Jan Willem Van Welzenis is Emoting on Canvas and Telling Us About It |Interview

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Jan Willem Van Welzenis doesn’t really have a style, there are themes and similarities throughout his pieces, but I don’t think that he is invested enough in the trending movements of the contemporary fine art world to give a shit about have “a style”. Is he doing pop art? Is he making modern paintings? Perhaps rehashing and paying homage to past artists? Well, maybe, but I doubt he cares. Welzenis is into makes paintings and art, that’s about it when it comes to defining him. He’ll pull from here and from there but once the brush hits canvas it’s pure tactile transfer of mind to esthetic. What comes of this is images that emote subconscious you can see all of his thoughts and memories in the paint, every bit of anger and sadness, every childhood woe and current success. If Impressionists weren’t too busy huffing lead paint, and post-modern artists didn’t get all junked out they might have produced something similar but not the same, because his work tells his story, which in this narrative includes his beliefs on our current society, and it’s faults and victories. So what do you do when you see a person encased in brush strokes? You track ’em down and force them to answer as many questions as possible.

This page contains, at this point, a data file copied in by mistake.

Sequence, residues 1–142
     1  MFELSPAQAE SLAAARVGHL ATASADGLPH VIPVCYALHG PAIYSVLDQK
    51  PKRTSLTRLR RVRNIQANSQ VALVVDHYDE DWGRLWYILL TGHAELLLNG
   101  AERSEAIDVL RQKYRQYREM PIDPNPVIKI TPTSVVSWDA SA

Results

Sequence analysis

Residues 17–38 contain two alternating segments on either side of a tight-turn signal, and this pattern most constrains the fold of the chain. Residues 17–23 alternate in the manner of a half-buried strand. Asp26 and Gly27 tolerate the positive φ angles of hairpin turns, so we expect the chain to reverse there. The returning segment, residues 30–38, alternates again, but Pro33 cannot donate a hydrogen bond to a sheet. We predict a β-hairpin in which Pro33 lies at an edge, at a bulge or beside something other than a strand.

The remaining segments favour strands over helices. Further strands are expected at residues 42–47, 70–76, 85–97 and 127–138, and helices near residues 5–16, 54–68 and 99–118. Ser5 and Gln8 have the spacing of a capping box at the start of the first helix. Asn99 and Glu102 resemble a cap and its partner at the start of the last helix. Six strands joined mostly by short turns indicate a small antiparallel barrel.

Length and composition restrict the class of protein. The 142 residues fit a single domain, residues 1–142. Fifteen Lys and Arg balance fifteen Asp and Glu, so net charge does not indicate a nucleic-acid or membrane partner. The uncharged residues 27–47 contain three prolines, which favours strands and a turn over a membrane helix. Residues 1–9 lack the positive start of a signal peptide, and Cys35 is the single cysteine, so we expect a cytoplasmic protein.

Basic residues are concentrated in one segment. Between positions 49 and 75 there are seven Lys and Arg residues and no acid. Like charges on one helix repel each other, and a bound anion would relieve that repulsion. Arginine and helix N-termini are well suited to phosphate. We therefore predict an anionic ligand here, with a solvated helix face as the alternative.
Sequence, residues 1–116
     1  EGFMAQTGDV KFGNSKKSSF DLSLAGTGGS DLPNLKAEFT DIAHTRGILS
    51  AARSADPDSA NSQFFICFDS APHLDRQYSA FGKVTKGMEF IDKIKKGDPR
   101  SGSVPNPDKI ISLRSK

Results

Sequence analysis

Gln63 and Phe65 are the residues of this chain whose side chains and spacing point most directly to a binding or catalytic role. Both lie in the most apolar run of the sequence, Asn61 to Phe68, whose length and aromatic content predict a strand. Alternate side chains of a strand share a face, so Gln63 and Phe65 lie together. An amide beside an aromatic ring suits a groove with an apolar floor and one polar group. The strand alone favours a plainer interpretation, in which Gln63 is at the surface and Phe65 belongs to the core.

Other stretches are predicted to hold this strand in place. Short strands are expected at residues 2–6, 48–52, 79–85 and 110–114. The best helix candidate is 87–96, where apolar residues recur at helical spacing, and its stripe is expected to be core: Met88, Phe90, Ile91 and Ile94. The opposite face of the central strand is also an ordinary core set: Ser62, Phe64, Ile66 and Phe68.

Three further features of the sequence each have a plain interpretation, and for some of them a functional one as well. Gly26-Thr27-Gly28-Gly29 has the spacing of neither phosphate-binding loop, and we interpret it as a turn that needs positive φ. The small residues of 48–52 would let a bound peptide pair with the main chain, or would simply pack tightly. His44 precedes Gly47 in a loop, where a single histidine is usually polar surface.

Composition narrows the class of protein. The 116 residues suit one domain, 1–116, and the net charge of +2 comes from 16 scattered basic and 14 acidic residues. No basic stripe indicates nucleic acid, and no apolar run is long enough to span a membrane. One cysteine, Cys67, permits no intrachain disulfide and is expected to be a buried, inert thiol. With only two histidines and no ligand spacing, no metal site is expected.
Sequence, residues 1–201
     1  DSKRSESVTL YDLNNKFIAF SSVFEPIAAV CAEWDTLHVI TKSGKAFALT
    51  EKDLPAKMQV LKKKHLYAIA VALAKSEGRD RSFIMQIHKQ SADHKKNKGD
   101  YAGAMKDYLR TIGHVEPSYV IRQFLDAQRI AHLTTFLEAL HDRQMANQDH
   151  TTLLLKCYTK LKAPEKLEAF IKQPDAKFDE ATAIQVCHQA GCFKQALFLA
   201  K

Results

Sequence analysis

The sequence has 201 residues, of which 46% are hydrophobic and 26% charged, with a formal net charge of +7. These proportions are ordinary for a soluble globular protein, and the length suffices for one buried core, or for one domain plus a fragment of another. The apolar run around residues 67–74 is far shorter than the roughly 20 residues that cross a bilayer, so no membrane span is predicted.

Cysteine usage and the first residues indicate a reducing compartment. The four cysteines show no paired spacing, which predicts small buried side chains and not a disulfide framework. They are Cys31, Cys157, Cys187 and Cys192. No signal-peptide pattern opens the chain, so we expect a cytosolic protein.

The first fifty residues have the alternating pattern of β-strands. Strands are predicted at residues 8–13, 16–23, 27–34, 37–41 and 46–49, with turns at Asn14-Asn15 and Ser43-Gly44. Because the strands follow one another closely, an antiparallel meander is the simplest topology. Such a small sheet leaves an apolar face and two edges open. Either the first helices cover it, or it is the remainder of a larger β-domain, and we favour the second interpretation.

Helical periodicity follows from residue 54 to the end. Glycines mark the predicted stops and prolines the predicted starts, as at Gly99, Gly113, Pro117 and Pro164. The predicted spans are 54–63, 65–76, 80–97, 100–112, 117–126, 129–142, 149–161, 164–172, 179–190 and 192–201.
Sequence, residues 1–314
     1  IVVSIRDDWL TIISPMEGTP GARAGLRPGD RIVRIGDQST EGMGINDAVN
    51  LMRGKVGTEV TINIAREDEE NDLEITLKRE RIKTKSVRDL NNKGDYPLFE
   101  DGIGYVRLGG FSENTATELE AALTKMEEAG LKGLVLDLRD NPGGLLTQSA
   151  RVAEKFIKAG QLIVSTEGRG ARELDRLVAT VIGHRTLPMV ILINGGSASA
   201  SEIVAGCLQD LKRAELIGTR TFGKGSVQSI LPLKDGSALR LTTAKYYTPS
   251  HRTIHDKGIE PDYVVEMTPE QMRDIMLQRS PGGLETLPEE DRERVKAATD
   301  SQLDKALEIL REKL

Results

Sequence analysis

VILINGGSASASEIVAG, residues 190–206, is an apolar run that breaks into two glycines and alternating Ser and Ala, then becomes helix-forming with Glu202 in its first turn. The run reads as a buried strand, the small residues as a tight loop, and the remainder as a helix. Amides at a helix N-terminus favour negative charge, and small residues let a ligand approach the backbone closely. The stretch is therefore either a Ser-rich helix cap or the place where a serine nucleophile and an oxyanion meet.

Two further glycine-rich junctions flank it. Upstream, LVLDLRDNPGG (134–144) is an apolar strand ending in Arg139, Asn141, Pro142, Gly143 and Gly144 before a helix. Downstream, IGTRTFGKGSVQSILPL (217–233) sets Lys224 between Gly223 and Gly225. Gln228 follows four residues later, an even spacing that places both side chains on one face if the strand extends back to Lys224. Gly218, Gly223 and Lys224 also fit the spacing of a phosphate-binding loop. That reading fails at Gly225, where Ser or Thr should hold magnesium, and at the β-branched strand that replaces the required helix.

Elements of Modern art and Graffiti movements seem to be present in your paintings particularly 70’s NY style tags. Is that an intentional incorporation or a coincidental resemblance?

You’re right. As a teenager I was interested in graffiti. Friends from school used to bomb trains with graffiti and for a short time I made graffiti myself. I remember the thrill and how I had to work quickly. In no time my name was scattered around my hometown. I guess that looking at the graffiti kings shaped my style and it still does.